It’s that time of year again, when air conditioners are pulled out of closets and basements and popped into windows where they’ll belch hot air into the streets for the rest of the summer. While I would be the last to deny the devastating effects of heat waves, I am forced, for the second year in a row, to plead for moderation.
As city-dwellers, we’re pretty sheltered from the sources, and effects, of our energy consumption. The reality is that our electricity comes from hugely polluting plants, running on nuclear energy, oil or, more than half of them, on coal.
Coal is crazy polluting, and its extraction is destroying the Appalachian wilderness as we speak. The geniuses in the coal business came up with “mountaintop removal” coal mining in the 1970s, and it’s exactly what it sounds like: strip the top of a mountain of ALL vegetation, use massive amounts of explosives to blow the dirt and rock off the top of the mountain away, and then use a $100-million machine to scrape the coal up.
Valleys, and the ancient streams that created them (and sustain one of the most bio-diverse ecosystems in the country), are filled in with the waste and rubble that are pushed down the sides of the mountain. Animals die. Residents are subjected to deafening blasting, 24 hours a day, as close as 300 feet from their homes. Houses crack, foundations crumble, and once all the vegetation is removed, devastating floods wash away whatever is left. Water supplies are contaminated and property values plunge.
As mountaintop removal has increased the amount of coal “produced” annually, the employment of people in the process has dropped enormously, from a high of 125,000+ employed in the early 50s, to about 16,000 today. Yet, according to a University of West Virginia study released in March, residents of coal field areas suffer from much higher levels of chronic heart, lung and kidney disease.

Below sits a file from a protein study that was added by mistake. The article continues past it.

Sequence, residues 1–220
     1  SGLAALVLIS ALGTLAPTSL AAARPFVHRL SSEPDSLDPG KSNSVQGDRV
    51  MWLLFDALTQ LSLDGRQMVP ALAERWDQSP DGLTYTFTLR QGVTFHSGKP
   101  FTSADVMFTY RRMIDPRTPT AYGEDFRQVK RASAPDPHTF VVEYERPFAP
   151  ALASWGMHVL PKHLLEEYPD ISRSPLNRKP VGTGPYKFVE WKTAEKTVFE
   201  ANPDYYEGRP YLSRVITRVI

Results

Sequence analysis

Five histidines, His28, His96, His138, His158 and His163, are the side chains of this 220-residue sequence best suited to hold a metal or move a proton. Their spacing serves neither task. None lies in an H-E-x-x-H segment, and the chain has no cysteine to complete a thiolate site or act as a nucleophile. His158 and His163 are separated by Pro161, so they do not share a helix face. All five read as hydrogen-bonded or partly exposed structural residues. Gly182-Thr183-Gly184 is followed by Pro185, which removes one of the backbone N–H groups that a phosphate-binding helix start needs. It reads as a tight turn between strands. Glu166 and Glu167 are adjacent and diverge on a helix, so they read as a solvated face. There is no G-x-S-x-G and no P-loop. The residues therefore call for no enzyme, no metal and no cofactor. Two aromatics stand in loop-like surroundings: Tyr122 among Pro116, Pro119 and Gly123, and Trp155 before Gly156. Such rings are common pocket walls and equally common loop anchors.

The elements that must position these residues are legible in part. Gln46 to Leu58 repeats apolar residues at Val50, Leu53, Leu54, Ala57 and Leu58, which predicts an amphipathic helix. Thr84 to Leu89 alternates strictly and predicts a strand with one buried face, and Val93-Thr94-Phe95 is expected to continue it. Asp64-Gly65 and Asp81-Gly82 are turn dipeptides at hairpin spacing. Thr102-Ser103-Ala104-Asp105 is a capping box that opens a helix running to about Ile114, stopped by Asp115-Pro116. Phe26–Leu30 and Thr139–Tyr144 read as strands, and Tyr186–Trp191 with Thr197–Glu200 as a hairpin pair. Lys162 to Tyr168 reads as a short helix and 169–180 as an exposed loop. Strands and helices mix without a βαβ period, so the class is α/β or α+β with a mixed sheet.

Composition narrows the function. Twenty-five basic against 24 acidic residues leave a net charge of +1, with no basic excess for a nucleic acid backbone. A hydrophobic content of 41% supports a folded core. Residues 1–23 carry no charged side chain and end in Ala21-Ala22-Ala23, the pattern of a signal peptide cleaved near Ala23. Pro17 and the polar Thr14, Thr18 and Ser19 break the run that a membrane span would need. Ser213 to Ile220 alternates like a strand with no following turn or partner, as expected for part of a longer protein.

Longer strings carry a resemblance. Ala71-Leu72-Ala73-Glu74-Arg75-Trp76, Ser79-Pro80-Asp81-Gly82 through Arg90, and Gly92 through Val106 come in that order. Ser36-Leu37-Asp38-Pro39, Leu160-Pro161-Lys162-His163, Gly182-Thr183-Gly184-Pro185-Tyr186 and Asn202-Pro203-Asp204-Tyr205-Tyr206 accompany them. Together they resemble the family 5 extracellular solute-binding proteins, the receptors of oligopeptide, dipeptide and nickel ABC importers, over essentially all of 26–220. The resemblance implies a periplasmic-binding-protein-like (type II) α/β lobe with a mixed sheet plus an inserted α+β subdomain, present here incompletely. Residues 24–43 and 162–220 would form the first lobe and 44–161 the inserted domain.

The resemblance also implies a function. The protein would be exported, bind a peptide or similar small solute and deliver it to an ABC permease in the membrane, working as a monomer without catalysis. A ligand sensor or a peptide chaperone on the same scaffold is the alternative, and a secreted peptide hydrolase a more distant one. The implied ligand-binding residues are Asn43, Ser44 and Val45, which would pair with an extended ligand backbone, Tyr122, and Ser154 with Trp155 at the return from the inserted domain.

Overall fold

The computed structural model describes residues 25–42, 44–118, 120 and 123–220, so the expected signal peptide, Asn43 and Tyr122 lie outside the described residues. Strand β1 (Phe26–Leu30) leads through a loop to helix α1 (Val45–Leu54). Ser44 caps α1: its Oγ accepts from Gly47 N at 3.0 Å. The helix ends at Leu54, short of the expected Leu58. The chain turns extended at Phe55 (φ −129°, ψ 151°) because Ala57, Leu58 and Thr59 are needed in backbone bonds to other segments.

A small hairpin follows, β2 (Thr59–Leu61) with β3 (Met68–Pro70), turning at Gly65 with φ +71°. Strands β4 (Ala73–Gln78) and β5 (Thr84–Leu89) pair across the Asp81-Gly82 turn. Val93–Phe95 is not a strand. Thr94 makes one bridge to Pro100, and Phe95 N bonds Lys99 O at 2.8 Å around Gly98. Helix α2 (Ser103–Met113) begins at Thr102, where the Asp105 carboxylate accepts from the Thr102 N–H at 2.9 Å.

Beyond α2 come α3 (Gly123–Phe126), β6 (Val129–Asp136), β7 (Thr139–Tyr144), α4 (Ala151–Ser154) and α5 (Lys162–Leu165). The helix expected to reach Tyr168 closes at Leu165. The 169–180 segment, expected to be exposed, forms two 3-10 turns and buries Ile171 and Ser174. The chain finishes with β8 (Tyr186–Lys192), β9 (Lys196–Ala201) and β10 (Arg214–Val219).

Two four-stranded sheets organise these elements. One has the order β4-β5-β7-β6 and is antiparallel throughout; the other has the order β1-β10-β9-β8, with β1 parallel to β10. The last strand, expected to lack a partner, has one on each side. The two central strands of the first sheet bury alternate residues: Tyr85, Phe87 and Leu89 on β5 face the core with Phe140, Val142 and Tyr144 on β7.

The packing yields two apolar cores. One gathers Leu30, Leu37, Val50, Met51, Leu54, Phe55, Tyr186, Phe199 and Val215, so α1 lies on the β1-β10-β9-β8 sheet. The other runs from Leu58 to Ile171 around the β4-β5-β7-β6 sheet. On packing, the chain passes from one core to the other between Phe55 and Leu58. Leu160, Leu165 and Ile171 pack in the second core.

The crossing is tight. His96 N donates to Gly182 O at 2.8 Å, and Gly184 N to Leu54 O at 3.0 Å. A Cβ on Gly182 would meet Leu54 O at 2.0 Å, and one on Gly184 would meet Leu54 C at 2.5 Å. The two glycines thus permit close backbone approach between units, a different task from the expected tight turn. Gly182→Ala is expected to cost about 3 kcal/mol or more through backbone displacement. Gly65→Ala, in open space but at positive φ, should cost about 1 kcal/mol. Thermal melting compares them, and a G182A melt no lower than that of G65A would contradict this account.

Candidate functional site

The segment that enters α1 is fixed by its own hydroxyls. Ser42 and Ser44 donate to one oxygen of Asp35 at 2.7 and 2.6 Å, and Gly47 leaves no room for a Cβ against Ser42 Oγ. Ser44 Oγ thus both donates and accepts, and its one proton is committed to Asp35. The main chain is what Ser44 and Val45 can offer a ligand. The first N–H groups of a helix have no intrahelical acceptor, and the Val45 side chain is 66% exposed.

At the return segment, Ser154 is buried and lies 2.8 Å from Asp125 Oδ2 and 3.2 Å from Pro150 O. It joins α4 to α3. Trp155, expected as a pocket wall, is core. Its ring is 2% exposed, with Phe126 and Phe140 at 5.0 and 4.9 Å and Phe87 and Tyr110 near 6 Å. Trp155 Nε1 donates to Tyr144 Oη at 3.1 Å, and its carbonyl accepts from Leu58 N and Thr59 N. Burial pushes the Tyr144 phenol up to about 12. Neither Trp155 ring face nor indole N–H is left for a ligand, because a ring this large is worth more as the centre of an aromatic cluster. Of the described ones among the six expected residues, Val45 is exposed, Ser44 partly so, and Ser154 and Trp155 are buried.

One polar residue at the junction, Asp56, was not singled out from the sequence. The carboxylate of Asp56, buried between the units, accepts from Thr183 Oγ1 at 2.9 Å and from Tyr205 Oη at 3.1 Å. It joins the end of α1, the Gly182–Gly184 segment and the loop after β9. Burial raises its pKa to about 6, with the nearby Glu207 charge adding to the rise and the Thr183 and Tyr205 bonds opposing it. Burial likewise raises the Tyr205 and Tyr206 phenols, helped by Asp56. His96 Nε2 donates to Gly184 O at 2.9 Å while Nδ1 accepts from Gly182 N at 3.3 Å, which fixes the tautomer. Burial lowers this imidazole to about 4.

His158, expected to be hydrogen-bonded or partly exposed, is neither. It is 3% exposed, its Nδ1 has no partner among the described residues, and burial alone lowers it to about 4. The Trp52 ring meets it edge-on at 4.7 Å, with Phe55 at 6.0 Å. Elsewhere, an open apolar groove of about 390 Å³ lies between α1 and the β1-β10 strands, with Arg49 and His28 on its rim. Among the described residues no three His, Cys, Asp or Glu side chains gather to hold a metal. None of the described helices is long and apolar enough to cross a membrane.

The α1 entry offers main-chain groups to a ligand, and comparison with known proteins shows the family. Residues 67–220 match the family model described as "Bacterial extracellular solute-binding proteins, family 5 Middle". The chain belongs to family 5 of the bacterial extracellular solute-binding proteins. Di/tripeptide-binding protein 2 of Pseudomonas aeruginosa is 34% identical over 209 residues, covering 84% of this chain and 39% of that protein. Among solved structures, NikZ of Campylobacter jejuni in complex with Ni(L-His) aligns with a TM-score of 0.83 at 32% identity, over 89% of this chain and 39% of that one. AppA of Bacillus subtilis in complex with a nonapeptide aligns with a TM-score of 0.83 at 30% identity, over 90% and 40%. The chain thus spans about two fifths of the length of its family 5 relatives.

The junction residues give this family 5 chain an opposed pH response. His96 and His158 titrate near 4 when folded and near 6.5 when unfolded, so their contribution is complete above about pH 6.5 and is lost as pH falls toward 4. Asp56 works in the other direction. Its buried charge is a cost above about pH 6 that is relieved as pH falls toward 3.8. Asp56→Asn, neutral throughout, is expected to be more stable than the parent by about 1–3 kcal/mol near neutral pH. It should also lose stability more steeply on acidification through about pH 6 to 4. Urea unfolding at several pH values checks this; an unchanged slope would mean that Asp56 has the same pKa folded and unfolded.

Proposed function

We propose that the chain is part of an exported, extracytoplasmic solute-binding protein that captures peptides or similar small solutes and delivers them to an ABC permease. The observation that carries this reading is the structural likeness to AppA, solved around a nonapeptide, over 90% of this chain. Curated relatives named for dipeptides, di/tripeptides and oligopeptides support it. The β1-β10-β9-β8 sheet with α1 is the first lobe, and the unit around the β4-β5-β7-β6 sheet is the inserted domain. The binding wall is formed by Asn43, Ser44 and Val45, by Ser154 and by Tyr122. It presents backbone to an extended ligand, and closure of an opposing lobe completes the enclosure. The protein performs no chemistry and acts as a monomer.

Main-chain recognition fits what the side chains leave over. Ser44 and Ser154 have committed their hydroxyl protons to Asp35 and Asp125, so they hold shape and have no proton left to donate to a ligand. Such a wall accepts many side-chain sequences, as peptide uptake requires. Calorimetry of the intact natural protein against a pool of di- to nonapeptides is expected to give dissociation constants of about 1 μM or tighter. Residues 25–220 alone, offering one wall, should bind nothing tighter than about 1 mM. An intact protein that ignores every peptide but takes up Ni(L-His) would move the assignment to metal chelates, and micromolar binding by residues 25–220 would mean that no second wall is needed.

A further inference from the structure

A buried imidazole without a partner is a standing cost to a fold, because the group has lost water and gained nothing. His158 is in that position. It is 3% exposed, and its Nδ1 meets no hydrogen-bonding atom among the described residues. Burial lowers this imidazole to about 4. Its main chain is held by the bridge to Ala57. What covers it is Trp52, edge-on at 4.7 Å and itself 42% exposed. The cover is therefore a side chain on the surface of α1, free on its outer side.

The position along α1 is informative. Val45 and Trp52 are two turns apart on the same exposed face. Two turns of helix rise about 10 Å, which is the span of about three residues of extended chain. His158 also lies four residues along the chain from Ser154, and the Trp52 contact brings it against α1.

How do you feel about your electricity consumption NOW? Before you turn on that AC, let’s explore ways to keep cool while consuming less.
1. Install a ceiling fan. They help enormously, and they cost less than a month’s electric bill. And/or get a GOOD quality floor fan, like a Vornado — it’s quiet, effective and energy efficient. I have one on a stand, which can be directed at sleepers or sitters for maximum air flow.
2. Pay attention to light and air flow. Hang curtains to cover windows that let in a lot of sun. Remember, if the sun heats up your tile floor, or your walls, the heated-up spots will radiate heat for hours after sunset. Limiting air flow during the hottest hours of the day will keep cool nighttime air in the house, and the temperature down.
3. Lessen heat produced in the house. Change several (or all) lightbulbs to compact fluorescent varieties — not only do they use 75% less energy, they generate almost no heat. Regular bulbs are like tiny space heaters, and halogens are like heat bombs: they operate at 1,000 degrees. Put your computer on a shorter “sleep” cycle; monitors and CPUs generate a lot of heat, so let yours shut itself off when it’s idle more than three minutes.
4. Modify yourself. Wear woven clothing, instead of knit — it’s much cooler — and stay away from synthetics. Wear flip-flops, or no shoes, in the house. Buy a stack of bandannas for a couple of bucks each, and soak in cool water and tie on your head or around your neck — you’ll stay cool for pennies. Take a one-minute shower if you’re boiling, and air-dry.
5. Think. Before you turn anything on, remember where that electricity is coming from, and at what cost. Do you really need 300 watts of light to brush your teeth, when there’s light coming in from the hall? Can you cool down in the air-conditioned coffee shop on the corner, instead of firing up your home system just for yourself? The power you save will pay for a lot of iced coffees…
Check out more on mountaintop removal and the fight against it at ilovemountains.org, christiansforthemountains.org, and mountainjusticesummer.org. And take action — the people of Appalachia, and its plants and animals, need you to speak up on their behalf.